Labrador West bracing for economic fallout from IOC strike
'This is just a part of being a one-horse town,' says former Wabush mayor Colin Vardy
Just as Labrador West is recovering from a slump brought on by low iron ore prices, businesses in the area are facing another potential downturn caused by a work stoppage at one of the largest employers in the province.
"It's kind of just 'bunker down, watch every penny and just hope the money doesn't run out before the clock stops ticking,'" former Wabush mayor Colin Vardy told CBC.
The strike is now in its second week and there's no resolution in sight. Despite the strike's potential financial toll, workers voted over 90 per cent in favour of it over changes the company wanted to make to their contract. Now the region is in a position where 1,300 workers may soon see their salaries disappear, replaced by $350 a week in strike pay.
'Unfortunately, there are businesses in town that have put all their eggs in one basket and that's IOC."- Colin Vardy
Since Vardy left politics, he's devoted his time to building up his business, which benefits from sales to contractors that deal with IOC. He says he's already seen a drop in business.
"Our reserves are fairly small so the ability for us to weather a storm is much less than a big company but we'll be OK. We'll be around afterwards."
'One horse town'
"This is just a part of being a one-horse town when people are negotiating contracts," Vardy said.
"I think the hardest part this time around is we were just recovering from the crash and there's not a lot of financial reserves around."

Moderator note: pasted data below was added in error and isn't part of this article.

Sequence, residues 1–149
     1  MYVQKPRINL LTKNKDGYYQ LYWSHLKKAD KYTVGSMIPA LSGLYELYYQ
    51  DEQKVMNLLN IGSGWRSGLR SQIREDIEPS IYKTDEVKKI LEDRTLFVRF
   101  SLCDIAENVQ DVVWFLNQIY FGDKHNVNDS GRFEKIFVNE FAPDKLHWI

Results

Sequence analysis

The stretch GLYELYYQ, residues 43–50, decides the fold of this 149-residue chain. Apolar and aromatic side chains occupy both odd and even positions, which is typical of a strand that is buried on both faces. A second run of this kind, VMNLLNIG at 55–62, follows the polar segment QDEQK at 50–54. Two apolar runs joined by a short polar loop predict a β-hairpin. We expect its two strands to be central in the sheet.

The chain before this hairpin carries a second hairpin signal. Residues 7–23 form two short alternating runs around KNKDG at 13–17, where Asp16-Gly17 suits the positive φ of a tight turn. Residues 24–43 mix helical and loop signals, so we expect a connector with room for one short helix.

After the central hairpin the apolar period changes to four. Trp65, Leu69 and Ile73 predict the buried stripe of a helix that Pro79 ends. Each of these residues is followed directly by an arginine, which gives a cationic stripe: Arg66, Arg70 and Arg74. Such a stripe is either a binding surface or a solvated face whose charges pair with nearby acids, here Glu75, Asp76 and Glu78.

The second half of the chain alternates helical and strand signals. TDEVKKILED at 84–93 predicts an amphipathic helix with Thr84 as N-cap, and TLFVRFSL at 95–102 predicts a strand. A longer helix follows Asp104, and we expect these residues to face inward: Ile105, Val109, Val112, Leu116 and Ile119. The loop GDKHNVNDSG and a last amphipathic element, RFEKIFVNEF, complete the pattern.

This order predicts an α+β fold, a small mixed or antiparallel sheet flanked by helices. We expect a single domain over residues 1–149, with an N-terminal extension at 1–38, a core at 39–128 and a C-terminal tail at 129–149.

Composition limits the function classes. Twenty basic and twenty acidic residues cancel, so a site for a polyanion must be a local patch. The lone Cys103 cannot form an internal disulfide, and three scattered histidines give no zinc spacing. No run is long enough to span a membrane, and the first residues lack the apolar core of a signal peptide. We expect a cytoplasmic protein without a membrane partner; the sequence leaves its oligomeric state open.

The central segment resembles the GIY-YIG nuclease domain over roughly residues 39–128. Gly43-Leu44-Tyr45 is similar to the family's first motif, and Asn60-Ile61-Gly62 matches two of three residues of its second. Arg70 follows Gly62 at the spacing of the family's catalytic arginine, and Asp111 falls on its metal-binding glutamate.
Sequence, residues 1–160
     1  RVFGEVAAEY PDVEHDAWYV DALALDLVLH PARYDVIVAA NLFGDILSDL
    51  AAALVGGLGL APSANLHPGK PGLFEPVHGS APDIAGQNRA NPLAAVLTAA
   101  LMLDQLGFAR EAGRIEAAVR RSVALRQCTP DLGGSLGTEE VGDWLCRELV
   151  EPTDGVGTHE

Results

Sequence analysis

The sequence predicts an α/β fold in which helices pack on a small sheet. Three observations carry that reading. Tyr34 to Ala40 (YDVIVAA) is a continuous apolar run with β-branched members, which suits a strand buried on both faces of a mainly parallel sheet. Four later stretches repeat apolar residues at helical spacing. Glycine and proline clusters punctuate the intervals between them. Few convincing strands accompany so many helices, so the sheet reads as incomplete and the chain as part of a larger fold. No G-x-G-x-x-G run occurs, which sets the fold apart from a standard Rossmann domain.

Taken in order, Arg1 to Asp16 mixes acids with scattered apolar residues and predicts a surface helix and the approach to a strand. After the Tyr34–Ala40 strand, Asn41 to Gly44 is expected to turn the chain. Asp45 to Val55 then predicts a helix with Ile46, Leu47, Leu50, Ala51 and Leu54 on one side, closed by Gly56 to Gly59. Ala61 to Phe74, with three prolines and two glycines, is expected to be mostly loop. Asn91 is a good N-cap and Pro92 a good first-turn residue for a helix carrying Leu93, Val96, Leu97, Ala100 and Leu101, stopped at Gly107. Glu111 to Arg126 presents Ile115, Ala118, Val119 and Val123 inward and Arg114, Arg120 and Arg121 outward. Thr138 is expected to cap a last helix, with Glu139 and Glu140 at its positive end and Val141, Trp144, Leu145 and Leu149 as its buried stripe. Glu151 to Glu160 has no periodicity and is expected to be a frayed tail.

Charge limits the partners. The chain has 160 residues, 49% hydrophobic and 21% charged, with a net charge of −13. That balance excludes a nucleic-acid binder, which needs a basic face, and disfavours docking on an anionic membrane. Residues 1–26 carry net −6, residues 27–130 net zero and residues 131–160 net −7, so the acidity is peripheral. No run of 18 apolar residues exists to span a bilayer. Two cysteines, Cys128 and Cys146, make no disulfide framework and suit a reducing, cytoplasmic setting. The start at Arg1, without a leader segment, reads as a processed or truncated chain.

Vardy says the economic impact will really start to kick in in the next two to three weeks if the strike continues. He has branched out, though; in anticipation of the strike he took on a janitorial contract with the government.
"We're in a lucky position. That will help float us through the next little while," Vardy said.
"Unfortunately, there are businesses in town that have put all their eggs in one basket and that's IOC so it could be much harder for them than it is for us."
Wait and see
Labrador West is used to the ups and downs of a cyclical economy, said Chamber of Commerce president Toby Leon, but there's no denying the work stoppage is having an effect.
"At the end of the day it's still lost income, and things are slow in town," Leon said.
"Businesses know how to contract and expand fairly quickly but you plan to use your staff as best you can, you get some housekeeping done in the short-term … and you start to plan about what happens if if goes on any longer."
Hope for the best
Labrador CIty Mayor Wayne Button, who runs a chiropractic clinic in town, says there will be a big effect on his business.
"I expect a 40 to 50 per cent drop off rate in my business," Button said. "There's already been a few patients that can't afford to come here and their insurance is actually cut off right now so I understand that."
Button, who describes himself as an optimist, is holding out hope the two sides can come to an understanding.
"There's only one or two issues that they're really far apart on so if they can get back to the table and work that out, this can be resolved pretty quickly," Button said. "Let's hope that's what happens."